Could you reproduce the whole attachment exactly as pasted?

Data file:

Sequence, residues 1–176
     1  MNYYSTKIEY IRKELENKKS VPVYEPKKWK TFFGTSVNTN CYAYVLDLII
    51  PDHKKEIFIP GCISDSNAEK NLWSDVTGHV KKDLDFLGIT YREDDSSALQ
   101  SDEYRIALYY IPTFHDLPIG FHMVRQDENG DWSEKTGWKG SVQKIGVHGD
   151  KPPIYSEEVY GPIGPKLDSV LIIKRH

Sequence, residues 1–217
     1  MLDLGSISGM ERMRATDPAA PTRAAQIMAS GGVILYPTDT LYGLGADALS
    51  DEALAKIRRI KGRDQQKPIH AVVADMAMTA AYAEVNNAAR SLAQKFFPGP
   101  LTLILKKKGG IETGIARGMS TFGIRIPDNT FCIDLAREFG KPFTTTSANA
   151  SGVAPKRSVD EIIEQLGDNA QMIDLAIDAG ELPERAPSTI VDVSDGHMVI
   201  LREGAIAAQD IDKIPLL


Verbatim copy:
Sequence, residues 1–176
     1  MNYYSTKIEY IRKELENKKS VPVYEPKKWK TFFGTSVNTN CYAYVLDLII
    51  PDHKKEIFIP GCISDSNAEK NLWSDVTGHV KKDLDFLGIT YREDDSSALQ
   101  SDEYRIALYY IPTFHDLPIG FHMVRQDENG DWSEKTGWKG SVQKIGVHGD
   151  KPPIYSEEVY GPIGPKLDSV LIIKRH

Sequence, residues 1–217
     1  MLDLGSISGM ERMRATDPAA PTRAAQIMAS GGVILYPTDT LYGLGADALS
    51  DEALAKIRRI KGRDQQKPIH AVVADMAMTA AYAEVNNAAR SLAQKFFPGP
   101  LTLILKKKGG IETGIARGMS TFGIRIPDNT FCIDLAREFG KPFTTTSANA
   151  SGVAPKRSVD EIIEQLGDNA QMIDLAIDAG ELPERAPSTI VDVSDGHMVI
   201  LREGAIAAQD IDKIPLL